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CASE REPORT
Year : 2013  |  Volume : 4  |  Issue : 2  |  Page : 258-262

Oral proliferative verrucous leukoplakia: A case report with an update


1 Department of Oral Medicine and Radiology, Saraswati Dental College, Lucknow, Uttar Pradesh, India
2 Department of Oral and Maxillofacial Surgery, K.L.E.V.K Institute of Dental Sciences, Belgaum, Karnataka, India
3 Department of Oral Medicine and Radiology, K.L.E.V.K Institute of Dental Sciences, Belgaum, Karnataka, India

Correspondence Address:
Rakhi Issrani
Department of Oral Medicine and Radiology, Saraswati Dental College, Lucknow - 227 105, Uttar Pradesh
India
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Source of Support: None, Conflict of Interest: None


DOI: 10.4103/0976-237X.114887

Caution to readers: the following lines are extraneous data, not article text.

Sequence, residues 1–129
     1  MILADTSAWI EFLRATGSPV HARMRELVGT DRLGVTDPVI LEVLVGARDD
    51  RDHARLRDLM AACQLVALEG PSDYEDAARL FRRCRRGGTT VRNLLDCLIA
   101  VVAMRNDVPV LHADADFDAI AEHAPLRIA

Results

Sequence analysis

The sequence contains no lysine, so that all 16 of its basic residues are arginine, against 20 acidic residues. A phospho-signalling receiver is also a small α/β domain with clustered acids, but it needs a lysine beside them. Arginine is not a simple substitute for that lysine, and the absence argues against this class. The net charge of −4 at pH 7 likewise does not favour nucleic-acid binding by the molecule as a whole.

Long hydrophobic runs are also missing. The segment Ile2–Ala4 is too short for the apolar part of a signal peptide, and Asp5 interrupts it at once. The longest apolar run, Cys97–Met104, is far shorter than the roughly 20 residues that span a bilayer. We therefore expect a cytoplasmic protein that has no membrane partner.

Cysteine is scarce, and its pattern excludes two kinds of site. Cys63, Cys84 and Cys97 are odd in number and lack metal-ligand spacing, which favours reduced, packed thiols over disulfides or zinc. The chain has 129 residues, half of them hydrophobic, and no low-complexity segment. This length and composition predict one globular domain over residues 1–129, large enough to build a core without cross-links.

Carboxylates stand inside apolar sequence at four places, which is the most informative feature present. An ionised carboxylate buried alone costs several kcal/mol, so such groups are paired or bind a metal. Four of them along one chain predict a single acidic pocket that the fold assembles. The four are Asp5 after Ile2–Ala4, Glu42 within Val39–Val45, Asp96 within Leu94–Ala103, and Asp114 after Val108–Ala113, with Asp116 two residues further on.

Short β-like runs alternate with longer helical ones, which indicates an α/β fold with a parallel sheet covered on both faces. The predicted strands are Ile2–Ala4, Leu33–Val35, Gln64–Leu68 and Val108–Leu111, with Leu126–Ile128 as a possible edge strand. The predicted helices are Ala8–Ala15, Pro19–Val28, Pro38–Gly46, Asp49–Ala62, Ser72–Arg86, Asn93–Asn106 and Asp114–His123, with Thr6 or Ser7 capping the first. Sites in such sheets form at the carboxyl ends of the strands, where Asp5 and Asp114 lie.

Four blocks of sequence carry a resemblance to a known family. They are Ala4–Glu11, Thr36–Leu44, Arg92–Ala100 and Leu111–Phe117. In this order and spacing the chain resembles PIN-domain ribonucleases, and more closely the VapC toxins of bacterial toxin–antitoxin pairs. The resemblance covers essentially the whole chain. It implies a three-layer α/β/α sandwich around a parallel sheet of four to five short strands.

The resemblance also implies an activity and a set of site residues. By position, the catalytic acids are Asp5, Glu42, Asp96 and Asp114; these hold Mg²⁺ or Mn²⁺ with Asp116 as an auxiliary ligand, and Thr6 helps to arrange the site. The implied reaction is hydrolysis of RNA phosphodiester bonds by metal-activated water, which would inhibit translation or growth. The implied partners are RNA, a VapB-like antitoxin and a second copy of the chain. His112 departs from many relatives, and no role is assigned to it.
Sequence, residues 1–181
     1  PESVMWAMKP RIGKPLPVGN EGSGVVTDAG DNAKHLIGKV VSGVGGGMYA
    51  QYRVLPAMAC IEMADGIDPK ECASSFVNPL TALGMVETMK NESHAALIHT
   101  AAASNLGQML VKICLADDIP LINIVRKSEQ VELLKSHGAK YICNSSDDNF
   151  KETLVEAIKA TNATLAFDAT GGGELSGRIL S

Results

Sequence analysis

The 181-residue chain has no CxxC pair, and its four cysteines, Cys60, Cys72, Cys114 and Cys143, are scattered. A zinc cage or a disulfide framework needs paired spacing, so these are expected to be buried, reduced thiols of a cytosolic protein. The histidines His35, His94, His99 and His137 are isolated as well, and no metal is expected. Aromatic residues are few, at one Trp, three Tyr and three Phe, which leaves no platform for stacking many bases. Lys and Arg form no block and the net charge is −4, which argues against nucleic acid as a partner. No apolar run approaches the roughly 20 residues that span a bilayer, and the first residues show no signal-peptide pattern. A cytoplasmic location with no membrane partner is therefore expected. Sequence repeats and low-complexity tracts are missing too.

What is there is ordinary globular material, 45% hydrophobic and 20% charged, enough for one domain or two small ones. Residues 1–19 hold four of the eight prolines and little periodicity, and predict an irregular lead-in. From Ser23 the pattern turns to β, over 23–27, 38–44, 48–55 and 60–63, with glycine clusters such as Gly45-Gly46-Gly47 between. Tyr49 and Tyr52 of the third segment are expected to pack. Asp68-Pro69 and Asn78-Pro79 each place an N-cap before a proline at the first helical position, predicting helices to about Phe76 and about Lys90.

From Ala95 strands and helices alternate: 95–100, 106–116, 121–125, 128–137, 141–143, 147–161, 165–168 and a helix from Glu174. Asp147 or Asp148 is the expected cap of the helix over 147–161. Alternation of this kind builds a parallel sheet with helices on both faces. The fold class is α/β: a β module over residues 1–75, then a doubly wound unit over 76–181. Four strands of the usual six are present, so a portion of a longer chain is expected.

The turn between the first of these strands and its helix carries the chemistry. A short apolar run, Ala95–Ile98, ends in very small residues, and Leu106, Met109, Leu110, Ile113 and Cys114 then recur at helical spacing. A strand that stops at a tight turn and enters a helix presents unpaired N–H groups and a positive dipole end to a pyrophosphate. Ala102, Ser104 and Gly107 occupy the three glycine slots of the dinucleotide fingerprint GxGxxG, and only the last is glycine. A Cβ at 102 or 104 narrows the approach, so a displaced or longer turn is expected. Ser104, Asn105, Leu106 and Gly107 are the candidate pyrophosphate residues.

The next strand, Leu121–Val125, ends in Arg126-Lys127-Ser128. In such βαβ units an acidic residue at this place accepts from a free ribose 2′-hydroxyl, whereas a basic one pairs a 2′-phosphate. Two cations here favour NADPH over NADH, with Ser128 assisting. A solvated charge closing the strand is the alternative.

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White lesions both physiologic as well as pathologic are relatively frequent in the oral cavity, the most common pathology being oral leukoplakia (OL). There are many variants of OL, one of which is oral proliferative verrucous leukoplakia (OPVL). OPVL is a rare clinico-pathological entity, which is slow growing, long-term progressive lesion, but remains an enigmatic and difficult to define. The etiology of OPVL remains still unclear. Tobacco use does not seem to have a significant influence on the appearance of OPVL. These lesions may occur both in smokers and non-smokers. It is observed more frequently in women and elderly patients over 60 years at the time of diagnosis. The buccal mucosa and tongue are the most frequently involved sites. It develops initially as a white plaque of hyperkeratosis that eventually becomes a multifocal disease with confluent, exophytic and proliferative features. Various published case series have presented OPVL as a disease with aggressive biological behavior due to its high probability of recurrence and a high rate of malignant transformation. Prognosis is poor for this seemingly harmless-appearing white lesion of the oral mucosa. This article describes the clinical aspects and histologic features of an OPVL case that demonstrated the typical behavior pattern in a long-standing, persistent lesion and discusses this relatively rare entity in light of current information.


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